Talking With Susan E. Conley

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This time I chat with author, freelance writer, and horse enthusiast Susan E. Conley. Susan came to the horse world later in life, and like most of us found horses had a huge impact on not only her creativity but her sanity as well.

Resident in Ireland for twenty one years, Susan E Conley went horse crazy at the tender age of 41 and 11/12ths. In 2006, she finally got up the nerve to get up on an actual horse as opposed to reading and dreaming about them, and it’s been harder and easier than anything she’s ever done yet.

Susan is a graduate of Pratt Institute with BFA in Communication Design. She has worked in the field since the summer between sophomore and junior year and counts The Village Voice, New York Magazine and Entertainment Weekly as past design experiences. She has a Master of Philosophy in Irish Theatre Studies from the Samuel Beckett Centre, Trinity College, an Honours Degree in Psychology, and a diploma in Equine Assisted Therapy and Learning.

She worked as journalist soon after moving to Ireland as theatre critic and as a feature writer on lifestyle topics. Susan is the author of three other books: Drama Queen; The Fidelity Project; and the soon-to-be-rereleased That Magic Mischief. She is at work on her next ‘horse book’ as well as a new paranormal/historical romance series.

Susan was not born in the saddle and didn’t even get near a one until she reached middle age. It never even occurred to her, as a child, to pine for a horse. She doesn’t run a yard, compete at a high level, or even own her own horse (yet.) After fourteen years though, she’s still in love with everything horsey and member of her yard’s riding club; she stands as safety officer and is hoping to compete off-yard in 2020.

What type of books do you write, and how long have you been writing?

I’ve been writing for, yikes, over thirty years. The very first thing I wrote was a one act play that got produced as part of a competition Off-Off (Off) Broadway. I made a short film of it and continued to write plays and screenplays while working on independent films and with an independent theatre company — all while working as a magazine designer as the day job. I moved to Ireland from NYC in 1998 and without any contacts in either realm, via journalism, turned to writing books. I’d classify myself as an ambivert and while I like getting out and about, I had the space to find that sitting by myself making up stories is truly my bliss point.

I am the author of three novels, all in the romantic comedy vein, and I’ve recently signed a contract with Sourcebooks for a new romance series, The Shapeshifters of the Beau Monde, a Regency era historical/shapeshifter mashup.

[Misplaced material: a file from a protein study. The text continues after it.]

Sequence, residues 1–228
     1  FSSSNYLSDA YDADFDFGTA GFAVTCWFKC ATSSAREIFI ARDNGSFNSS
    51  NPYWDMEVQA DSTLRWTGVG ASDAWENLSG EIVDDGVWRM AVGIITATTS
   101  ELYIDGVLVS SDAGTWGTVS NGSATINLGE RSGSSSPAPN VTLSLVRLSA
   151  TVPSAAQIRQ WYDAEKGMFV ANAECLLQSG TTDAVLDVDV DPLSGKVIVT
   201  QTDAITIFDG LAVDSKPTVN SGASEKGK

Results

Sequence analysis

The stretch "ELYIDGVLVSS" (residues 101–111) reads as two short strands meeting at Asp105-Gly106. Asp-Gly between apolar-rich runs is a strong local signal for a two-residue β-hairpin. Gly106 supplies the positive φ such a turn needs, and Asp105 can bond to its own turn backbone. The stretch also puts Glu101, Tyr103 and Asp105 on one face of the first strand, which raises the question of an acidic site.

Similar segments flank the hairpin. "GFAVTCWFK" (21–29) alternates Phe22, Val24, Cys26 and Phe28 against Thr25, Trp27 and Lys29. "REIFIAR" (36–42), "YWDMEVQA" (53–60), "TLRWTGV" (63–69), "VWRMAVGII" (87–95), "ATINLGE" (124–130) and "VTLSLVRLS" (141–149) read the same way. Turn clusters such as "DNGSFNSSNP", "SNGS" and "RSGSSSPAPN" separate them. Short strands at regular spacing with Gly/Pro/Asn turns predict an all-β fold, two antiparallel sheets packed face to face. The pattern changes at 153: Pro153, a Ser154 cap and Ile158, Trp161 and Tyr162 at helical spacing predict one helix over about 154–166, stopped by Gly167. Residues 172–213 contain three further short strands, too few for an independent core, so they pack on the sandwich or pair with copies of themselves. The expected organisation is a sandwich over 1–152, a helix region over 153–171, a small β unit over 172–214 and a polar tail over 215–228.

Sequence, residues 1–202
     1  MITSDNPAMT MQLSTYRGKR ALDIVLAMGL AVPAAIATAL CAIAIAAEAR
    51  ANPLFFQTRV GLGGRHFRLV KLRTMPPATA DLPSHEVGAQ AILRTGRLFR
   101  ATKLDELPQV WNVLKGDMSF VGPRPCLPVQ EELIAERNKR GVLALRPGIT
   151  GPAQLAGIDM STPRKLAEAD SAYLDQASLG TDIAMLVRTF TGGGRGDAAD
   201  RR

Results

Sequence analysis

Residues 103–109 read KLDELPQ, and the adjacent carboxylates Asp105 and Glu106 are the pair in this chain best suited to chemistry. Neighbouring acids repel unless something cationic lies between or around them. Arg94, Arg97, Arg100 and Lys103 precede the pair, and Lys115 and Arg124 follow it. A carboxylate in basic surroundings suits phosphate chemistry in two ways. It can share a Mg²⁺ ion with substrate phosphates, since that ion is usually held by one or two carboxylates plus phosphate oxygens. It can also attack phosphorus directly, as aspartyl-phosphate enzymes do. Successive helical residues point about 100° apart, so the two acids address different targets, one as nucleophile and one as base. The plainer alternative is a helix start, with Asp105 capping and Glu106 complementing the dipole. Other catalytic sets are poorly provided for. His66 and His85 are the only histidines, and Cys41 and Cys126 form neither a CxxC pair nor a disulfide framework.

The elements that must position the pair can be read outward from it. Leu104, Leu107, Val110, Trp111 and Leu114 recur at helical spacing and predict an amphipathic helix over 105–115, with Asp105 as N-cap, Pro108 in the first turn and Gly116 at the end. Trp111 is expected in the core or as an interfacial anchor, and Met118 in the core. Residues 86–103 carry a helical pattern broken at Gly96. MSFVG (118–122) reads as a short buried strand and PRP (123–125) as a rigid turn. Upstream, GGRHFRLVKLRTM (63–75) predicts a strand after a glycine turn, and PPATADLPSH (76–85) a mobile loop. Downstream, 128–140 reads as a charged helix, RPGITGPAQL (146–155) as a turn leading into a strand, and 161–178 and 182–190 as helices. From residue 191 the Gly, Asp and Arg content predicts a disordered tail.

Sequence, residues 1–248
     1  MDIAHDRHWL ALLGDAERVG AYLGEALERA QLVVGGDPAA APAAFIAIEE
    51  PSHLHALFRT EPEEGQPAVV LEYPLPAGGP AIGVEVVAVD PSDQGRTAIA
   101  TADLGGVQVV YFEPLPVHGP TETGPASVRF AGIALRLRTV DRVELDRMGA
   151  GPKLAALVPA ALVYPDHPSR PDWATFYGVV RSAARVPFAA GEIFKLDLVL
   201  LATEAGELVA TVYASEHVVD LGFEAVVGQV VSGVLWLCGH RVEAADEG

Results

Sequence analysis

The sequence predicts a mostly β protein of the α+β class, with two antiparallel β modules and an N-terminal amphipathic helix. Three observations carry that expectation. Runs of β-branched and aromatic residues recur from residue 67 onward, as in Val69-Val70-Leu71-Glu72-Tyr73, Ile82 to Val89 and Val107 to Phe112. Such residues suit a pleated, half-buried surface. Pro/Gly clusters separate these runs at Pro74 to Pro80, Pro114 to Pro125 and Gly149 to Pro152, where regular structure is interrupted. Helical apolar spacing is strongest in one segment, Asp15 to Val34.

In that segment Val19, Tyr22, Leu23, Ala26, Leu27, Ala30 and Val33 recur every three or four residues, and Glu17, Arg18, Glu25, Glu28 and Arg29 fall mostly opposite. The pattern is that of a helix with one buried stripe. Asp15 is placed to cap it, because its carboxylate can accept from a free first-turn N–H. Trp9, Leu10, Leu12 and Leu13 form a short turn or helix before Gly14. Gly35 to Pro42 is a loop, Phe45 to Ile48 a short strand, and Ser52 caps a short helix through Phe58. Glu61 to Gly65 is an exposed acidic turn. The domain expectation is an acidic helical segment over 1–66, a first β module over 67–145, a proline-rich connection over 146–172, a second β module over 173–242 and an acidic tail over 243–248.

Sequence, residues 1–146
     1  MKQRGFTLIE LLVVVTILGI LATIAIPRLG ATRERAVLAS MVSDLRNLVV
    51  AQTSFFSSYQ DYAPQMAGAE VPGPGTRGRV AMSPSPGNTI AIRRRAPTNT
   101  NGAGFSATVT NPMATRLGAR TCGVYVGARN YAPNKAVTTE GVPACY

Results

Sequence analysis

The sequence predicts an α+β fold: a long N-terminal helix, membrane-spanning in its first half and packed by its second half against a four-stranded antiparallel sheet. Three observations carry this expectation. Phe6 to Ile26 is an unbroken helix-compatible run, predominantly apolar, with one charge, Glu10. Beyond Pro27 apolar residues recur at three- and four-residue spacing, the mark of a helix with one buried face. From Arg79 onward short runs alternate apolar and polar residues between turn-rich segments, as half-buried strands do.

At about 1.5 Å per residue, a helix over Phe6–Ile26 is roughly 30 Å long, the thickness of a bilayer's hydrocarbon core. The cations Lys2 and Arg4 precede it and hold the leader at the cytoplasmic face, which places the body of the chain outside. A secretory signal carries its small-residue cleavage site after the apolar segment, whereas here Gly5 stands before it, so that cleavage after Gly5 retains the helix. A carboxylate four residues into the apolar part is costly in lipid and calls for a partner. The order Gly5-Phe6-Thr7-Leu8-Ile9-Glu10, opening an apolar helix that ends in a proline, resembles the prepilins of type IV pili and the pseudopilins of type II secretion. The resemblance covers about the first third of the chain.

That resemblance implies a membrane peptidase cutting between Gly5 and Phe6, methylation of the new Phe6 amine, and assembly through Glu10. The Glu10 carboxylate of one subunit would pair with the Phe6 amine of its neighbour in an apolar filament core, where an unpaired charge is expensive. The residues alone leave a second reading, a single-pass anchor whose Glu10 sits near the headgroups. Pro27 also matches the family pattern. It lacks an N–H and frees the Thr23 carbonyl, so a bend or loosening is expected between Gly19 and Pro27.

Many Brave Fools: A Story of Addiction, Dysfunction, Codependency…and Horses is my first memoir. I had started blogging about taking up horseback riding in mid-life following my divorce from an active substance misuser, around the time that people were getting blog-to-book deals. I didn’t get one of those! I keep plugging away with it regardless, querying agents, revising, engaging the services of an editor, revising. I was thrilled when my proposal/manuscript was accepted by Trafalgar Square Books.

How did you get started writing?

I think I started writing because I am the poster girl for voracious reading and then became so invested in the power of narrative, as delivered by theatre and film, to fulfill not only the desire for entertainment but also for expressing unifying concepts. In terms of performance, there’s nothing like sitting in the dark with strangers and experiencing catharsis; as regards writing, living a story, for as long as it takes to read it, is so powerful. I wanted to be part of that world, part of providing that for people.

What is your biggest inspiration for writing?

I don’t know if I have an inspiration so much as I wouldn’t know what to do with myself if I didn’t write. I might try knitting maybe, or do more art… I remember, when I was shopping Many Brave Fools to agents and getting no joy, I was thinking I’d just quit, and that notion lasted, quite literally, all of two heartbeats.

What is the most common comment that you get from your readers?

I think they appreciate the use of humor in my writing. There are aspects of Many Brave Fools that are dark and not funny, but my sense of humour still prevails. Readers find the memoir unexpectedly funny, which is the highest praise to me.

What is the message that you want to convey to readers?

After I finished my masters at Trinity College, I worked as a freelance journalist writing about the arts, and I did many interviews with practitioners in theatre, visual arts, writing, you name it. I always wanted to represent their projects faithfully but I also wanted to be able to give a look-in on their process and why they did what they did. I think that has carried over into my own work: that your intentions for your life and your goals are achievable and the trick, I suppose if you want to call it that, is to be flexible along the way, to readjust yourself continually, to keep your vision intact but to know that the journey is not a straight line from A to B.

Do you have horses? Tell us about the horses in your life.